A: Time dependence of the activity of cell surface phytase after induction with methanol. B: Cell surface phytase activity after laminarinase treatment. Column 1 represents cell wall fractions without treatment with laminarinase. Columns 2 and 4 represent cell wall fractions after laminarinase treatment, and column 3 and 5 represent supernatant fractions after laminarinase treatment. Columns 2 and 3 show phytase activities after treatment with 5 mU of laminarinase, while columns 4 and 5 represent the remaining activities after treatment with 50 mU of laminarinase. All activities were compared to the activity of the whole cell surface phytase, with GS115/ZαA as a background measurement.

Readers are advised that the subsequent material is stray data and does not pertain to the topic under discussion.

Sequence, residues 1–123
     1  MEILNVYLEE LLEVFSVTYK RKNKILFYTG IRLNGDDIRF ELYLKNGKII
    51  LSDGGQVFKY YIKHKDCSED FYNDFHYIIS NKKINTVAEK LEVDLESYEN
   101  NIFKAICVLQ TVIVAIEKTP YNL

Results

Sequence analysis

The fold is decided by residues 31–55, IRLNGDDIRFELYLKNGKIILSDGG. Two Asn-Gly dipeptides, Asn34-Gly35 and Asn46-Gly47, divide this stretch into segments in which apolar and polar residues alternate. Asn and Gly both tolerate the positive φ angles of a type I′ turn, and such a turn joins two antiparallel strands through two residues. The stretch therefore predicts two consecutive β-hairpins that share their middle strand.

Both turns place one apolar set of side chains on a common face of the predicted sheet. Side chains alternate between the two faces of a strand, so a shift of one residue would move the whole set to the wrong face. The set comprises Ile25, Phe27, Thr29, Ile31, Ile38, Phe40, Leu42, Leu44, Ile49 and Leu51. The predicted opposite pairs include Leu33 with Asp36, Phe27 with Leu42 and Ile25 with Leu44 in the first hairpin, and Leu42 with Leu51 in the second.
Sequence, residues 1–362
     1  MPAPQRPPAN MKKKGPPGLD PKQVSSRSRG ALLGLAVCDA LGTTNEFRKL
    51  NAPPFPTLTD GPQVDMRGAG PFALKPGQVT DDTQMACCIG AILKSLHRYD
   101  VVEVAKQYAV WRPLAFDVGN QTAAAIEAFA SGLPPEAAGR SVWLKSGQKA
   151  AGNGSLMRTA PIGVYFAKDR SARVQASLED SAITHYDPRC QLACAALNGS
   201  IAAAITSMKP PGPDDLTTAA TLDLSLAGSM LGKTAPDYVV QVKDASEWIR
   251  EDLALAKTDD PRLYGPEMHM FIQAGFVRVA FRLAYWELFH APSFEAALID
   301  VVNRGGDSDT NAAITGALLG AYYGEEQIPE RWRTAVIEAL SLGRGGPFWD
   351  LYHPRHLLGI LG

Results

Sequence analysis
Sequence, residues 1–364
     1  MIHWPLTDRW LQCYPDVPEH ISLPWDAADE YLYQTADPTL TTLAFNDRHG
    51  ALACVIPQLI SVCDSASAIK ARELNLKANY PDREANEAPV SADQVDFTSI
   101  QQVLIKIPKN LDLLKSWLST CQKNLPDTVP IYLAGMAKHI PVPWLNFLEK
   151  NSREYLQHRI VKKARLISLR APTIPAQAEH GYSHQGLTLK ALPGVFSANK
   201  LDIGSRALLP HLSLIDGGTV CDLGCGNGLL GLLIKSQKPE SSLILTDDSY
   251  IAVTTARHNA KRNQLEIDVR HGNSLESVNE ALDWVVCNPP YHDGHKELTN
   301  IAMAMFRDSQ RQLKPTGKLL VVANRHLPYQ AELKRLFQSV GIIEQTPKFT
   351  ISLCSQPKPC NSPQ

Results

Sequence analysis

https://doi.org/10.1371/journal.pone.0114728.g002

To ensure that phytase was anchored on the cell wall via GPI-anchored glycoproteins, laminarinase probing was performed. Laminarinase can hydrolyze β-1, 3 glucan bonds, including bonds that anchor glycoproteins to the cell wall. After treatment with laminarinase, the phytase activity in cell wall fractions decreased; this activity was then detected in the supernatant (Fig. 2B). With increasing amounts of laminarinase, the phytase activity further decreased in the cell wall fractions and increased in the supernatant. These data demonstrate that the cleavage of β-1, 3 glucan bonds disrupts the association of phytase with the cell wall and confirms that phytase is anchored to the surface of yeast cells via glycoproteins.

Effects of Temperature and pH